Daily Management Review

Reuters: EU is forcing banks to leave London


07/26/2017


Banks - primary dealers on EU government bonds - may be forced to shift some operations from London, if they want to keep this business after Brexit, Reuters reports citing three informed sources.



Elliott Brown
Elliott Brown
Most of the national borrowing in Europe is managed by London investment banks. Their current "passport" allows them to provide services throughout the European Union. However, the banks may lose this right after the UK leaves the block.

EU officials are considering introduction of rules requiring that these primary dealers - banks designated by government debt agencies to help them borrow from investors - carry out significant operations in the bloc after Brexit, the bankers told Reuters. All three bank sources in London work in the business of selling state bonds of European countries.

The bankers said that the EU authorities are considering a possibility of adopting a rule similar to those in the US, and require that primary dealers on Treasury bonds work in the country.

According to them, it is still too early to talk about how many banking operations will need to be postponed, but we can talk about all jobs connected with state bonds, as well as some jobs in related services.

The European Commission declined to comment on this information. The finance ministries of Germany, France and Italy declined to comment or responded to the agency's requests. The European Central Bank, overseeing European banks, said it was monitoring events around its primary dealers.

Barclays, Citi, Goldman Sachs, HSBC and JPMorgan are among the leading investment banks involved in transactions with sovereign bonds in euros. Other banks, such as Nomura and Morgan Stanley, also conduct such operations. All these banks declined to comment or respond to Reuters' requests.

According to sources, 70% of transactions with sovereign bonds in Europe are organized by London banks that either act as market makers in government bond auctions or sell debt securities directly to investors in the framework of "syndicated" transactions.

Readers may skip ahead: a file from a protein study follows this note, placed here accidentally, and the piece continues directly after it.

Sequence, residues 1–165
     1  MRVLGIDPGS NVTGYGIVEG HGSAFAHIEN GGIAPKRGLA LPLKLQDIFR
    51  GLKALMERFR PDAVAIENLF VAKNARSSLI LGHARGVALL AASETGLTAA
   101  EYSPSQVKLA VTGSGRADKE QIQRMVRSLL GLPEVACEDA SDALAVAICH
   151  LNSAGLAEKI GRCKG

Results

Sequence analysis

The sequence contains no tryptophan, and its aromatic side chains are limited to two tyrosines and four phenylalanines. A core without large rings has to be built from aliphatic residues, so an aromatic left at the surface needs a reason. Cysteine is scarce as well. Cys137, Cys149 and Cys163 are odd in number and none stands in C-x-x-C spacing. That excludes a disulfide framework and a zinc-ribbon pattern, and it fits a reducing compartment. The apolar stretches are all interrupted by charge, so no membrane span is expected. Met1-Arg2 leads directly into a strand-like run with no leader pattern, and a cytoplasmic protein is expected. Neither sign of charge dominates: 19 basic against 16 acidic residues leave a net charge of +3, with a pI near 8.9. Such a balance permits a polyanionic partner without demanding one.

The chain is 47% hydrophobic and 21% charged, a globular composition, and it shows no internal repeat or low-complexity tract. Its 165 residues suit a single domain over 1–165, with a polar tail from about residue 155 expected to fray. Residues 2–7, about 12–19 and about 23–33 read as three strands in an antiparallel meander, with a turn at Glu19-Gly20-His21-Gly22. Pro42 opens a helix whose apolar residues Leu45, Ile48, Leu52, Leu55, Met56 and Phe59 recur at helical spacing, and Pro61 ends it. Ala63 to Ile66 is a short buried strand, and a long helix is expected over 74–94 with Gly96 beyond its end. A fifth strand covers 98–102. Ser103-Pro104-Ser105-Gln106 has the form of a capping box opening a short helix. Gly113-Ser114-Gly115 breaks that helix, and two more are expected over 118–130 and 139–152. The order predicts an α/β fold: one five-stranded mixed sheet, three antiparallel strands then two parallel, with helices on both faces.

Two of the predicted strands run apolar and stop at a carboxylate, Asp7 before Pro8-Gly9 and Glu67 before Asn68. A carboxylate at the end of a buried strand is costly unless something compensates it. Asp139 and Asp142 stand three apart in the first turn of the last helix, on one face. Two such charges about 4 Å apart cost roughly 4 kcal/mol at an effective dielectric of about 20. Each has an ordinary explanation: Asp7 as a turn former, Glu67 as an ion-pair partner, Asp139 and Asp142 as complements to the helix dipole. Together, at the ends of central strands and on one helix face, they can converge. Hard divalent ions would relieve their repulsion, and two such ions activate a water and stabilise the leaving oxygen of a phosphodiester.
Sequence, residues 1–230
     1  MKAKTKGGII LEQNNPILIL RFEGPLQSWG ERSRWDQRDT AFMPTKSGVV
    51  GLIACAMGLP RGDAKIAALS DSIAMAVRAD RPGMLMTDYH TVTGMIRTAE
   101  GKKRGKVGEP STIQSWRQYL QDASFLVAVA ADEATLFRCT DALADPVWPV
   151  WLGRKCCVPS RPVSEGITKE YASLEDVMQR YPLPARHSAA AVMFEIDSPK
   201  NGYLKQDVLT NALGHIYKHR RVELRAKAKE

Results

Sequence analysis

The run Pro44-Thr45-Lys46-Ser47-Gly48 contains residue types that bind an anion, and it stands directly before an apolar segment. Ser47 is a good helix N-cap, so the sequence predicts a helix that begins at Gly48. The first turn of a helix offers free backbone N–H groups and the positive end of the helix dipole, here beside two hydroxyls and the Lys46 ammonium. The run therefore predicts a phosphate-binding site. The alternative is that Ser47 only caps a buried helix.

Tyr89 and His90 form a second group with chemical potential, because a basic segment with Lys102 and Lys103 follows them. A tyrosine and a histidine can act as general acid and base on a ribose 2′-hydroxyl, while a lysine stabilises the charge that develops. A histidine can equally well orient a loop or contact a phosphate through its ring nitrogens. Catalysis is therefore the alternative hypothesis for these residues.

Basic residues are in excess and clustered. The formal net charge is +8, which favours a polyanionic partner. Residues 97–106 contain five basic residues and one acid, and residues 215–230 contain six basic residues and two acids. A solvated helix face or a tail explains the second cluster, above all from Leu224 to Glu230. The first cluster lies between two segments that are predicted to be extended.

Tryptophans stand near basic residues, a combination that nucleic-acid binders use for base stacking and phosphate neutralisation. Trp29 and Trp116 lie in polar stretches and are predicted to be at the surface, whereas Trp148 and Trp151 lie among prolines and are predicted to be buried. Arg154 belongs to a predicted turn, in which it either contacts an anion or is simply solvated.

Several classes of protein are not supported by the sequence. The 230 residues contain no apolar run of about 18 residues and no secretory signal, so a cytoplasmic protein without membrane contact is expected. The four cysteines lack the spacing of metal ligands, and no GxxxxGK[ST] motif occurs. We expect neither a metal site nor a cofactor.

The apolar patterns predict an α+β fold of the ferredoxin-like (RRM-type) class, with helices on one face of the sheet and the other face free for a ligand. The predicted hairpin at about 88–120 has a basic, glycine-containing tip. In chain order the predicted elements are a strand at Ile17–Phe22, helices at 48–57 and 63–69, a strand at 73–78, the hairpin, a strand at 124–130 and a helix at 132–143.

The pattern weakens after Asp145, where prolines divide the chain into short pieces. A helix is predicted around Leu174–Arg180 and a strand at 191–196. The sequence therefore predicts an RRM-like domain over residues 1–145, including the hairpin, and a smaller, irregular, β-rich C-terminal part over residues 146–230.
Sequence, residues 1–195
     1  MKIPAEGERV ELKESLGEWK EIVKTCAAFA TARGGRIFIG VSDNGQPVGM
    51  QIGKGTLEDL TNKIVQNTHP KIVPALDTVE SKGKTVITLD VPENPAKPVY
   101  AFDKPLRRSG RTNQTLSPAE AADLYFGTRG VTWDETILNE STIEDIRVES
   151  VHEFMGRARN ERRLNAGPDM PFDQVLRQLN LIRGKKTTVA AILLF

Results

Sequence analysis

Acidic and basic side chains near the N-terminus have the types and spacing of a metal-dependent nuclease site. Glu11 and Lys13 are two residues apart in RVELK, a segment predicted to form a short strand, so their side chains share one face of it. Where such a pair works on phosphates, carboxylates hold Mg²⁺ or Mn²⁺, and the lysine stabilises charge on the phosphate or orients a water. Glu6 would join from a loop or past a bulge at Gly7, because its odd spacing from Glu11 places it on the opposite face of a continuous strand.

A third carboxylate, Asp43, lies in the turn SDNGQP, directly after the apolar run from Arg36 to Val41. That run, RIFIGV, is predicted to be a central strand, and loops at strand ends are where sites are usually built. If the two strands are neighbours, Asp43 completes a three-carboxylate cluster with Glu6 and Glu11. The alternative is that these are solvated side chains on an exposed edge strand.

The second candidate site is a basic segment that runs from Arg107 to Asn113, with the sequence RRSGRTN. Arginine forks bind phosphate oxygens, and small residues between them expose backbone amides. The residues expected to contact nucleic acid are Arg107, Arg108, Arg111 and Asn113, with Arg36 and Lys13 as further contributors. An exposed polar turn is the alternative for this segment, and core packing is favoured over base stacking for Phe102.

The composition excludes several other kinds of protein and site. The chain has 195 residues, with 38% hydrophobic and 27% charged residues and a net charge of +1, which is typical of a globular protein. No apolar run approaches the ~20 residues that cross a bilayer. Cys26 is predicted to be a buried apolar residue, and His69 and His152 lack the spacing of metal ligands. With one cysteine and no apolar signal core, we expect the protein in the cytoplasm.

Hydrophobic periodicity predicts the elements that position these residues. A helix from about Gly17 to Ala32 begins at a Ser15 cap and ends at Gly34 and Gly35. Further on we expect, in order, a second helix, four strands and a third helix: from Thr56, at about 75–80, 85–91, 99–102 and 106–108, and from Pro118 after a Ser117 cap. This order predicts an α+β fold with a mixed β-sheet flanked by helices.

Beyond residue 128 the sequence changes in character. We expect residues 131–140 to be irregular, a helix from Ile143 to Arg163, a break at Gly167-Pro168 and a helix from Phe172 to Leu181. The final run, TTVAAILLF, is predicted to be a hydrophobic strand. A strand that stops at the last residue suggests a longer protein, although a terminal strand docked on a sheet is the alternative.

Some banks are already preparing to transfer some positions in this business from London to other European financial centers, noted two bankers familiar with the situation.

Other banks - primary dealers - can generally get out of this business, the third source told Reuters.

The fourth source said that his company is considering a possibility of giving up this business in some EU countries, if it is required to transfer some operations from London, since this will require significant expenditures.

Another source in the industry said that, as a rule, about 15-20 people are required to work with European government bonds, but the number of jobs that will have to be transferred can be much greater.

"It is very difficult to consider the issue of primary dealers separately, as this will affect many other parts of the business," he said. As a whole, I expect many banks will transfer hundreds of jobs to Europe and their business as primary dealers will become one of the reasons for this. "

As previously reported, several international banks have already said that they can transfer thousands of jobs from London in connection with Brexit.

source: reuters.com






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